Reserve Bank Governor Gill Marcus’ 18 September announcement that keeps the prime lending rate unchanged at 9.25% is good news for home buyers – but it carries with it an implied caution.
This is the general mood of two of the country’s major property franchises: Rawson Property Group and RE/MAX of Southern Africa.
In her review of the economy at home and globally, Governor Marcus said that we can expect a “slight near-term improvement in the inflation outlook” in this final quarter of the year, but that, despite this and the expectation of a relatively stable inflation rate, the Bank’s Monetary Policy Committee “is concerned that the forecast remains uncomfortably close to the upper end of the target band”.
Inflation and other factors
While inflation is its primary focus, she said, “the MPC is also mindful of the anaemic state of the domestic economy, rising unemployment and the downside risk to its growth forecast. Domestic expenditure has deteriorated further, particularly private sector fixed capital formation, and, together with continued moderation in household consumption expenditure, is indicative of the lack of demand pressures in the economy.”
In his reaction to the announcement, Adrian Goslett, CEO of RE/MAX Southern Africa, said that pressure to increase rates had eased as a result of a fall in the consumer price index in the period since the MPC’s meeting in July.
While food and fuel prices rose during the first nine months of this year, “food price inflation is gradually easing and is expected to continue to fall,” he said.
“The same can be expected of the petrol price, which will bring about some relief for cash-strapped households.”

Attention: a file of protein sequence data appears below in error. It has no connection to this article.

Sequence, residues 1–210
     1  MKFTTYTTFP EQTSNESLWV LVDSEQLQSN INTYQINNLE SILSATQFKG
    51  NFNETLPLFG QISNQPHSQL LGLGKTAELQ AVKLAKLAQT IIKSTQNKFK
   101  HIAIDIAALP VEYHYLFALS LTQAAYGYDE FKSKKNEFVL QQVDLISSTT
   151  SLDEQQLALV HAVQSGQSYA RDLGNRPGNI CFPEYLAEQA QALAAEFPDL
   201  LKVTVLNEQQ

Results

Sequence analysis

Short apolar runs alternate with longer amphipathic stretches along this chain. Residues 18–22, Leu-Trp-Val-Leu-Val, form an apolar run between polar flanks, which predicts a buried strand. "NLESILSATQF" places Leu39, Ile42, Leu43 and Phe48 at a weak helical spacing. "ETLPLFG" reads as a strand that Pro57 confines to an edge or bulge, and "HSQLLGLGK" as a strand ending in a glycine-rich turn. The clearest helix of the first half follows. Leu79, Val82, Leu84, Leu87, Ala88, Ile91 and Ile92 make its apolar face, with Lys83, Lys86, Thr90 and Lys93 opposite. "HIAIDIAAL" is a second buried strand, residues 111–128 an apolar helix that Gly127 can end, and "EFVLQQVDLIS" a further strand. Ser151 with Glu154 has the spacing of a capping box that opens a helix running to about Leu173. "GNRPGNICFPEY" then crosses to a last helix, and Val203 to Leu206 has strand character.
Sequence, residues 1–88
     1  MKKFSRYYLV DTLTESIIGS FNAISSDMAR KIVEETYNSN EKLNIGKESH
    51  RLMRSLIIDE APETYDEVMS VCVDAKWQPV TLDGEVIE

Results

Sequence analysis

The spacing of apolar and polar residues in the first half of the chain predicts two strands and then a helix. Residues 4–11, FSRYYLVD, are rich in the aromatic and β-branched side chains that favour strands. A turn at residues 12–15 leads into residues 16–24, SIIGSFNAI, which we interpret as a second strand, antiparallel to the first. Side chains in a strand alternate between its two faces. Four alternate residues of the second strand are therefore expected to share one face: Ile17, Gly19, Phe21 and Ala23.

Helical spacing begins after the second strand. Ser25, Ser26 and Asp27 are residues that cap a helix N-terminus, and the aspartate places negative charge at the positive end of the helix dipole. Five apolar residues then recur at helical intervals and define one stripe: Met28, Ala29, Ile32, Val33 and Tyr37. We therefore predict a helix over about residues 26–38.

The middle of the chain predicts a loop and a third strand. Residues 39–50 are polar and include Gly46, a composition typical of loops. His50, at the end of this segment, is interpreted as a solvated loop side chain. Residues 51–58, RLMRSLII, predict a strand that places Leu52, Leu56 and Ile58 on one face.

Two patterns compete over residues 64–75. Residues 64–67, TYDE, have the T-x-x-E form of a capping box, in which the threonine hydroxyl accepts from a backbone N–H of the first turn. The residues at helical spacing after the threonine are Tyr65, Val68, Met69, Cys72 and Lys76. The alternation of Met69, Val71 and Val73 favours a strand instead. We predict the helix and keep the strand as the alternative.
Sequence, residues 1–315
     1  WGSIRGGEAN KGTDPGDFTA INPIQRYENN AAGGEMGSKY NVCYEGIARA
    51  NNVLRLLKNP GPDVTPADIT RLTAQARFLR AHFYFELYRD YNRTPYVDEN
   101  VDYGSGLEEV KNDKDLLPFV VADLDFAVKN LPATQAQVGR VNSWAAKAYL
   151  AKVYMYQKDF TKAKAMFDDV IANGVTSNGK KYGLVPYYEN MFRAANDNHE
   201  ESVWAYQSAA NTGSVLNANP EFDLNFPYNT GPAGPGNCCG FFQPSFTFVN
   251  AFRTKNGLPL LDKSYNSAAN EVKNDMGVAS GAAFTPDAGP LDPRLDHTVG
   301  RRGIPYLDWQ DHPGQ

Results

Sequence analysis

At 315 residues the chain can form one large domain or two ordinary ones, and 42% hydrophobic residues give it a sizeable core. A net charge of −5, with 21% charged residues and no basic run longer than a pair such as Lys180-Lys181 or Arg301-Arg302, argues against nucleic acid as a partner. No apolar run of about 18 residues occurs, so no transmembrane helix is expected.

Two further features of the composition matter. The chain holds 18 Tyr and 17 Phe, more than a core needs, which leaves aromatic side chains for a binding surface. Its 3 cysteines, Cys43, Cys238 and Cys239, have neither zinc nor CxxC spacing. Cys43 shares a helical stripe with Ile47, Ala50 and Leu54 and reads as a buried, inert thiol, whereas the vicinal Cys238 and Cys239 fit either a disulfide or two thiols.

Easing pressure for 2015
He said that a lower inflation rate at the end of 2014 will also ease pressure on the Reserve Bank to increase rates during 2015.
“The CPI inflation had climbed from 5.3% year-on-year in November 2013 to 6.6% by June this year. The climb prompted the Monetary Policy Committee to push rates up by 75 basis points during this period. Economists predict that although the CPI inflation rate has already seen a decline, it is expected to fall further and re-enter the inflation target set by the Reserve Bank.”
Goslett said that “consumers and potential property buyers should use this period of steady rates to continue to focus on reducing their levels of interest-bearing debt in order to show higher levels of disposable income. Those who currently own property should try to pay the extra money into their bonds to reduce their loan period as well as the capital amount owed.”
Chairman of the Rawson Property Group, Bill Rawson, said that “the general opinion among those who comment regularly on the South African economy seems to be that an interest rate hike is not needed now because the South African consumer, increasingly prevented by the National Credit Act and the banks from overextending his debt, is now slightly less likely to overspend. This, in turn, could lead to a slight reduction in South Africa’s foreign debt and balance of payment situations.”
He said that the decision to keep the interest rate unchanged will help the property sector to continue “turning over satisfactorily.”
The effect on your bond
Rawson pointed out that an increase of just 0.25% in the interest rate translates to an extra R162 per month on a R1-million bond, and he made the point that even such a relatively small increase in monthly payments, “can demoralise those already struggling to meet their bond commitments.”
In the light of the prevailing economic conditions, he said, it’s still too early to extend easier credit to home-owners, “because the average South African household’s consumer debt today is still equal to 70% plus of their annual income.”
Rawson said that sales in the R5-million to R15-million bracket remain flat, but that there are “encouraging signs” that they’re beginning to improve.
“Here again,” he said, “keeping interest rates down will prove helpful.”
Download the 18 September statement from the Monetary Policy Committee of the South African Reserve Bank here.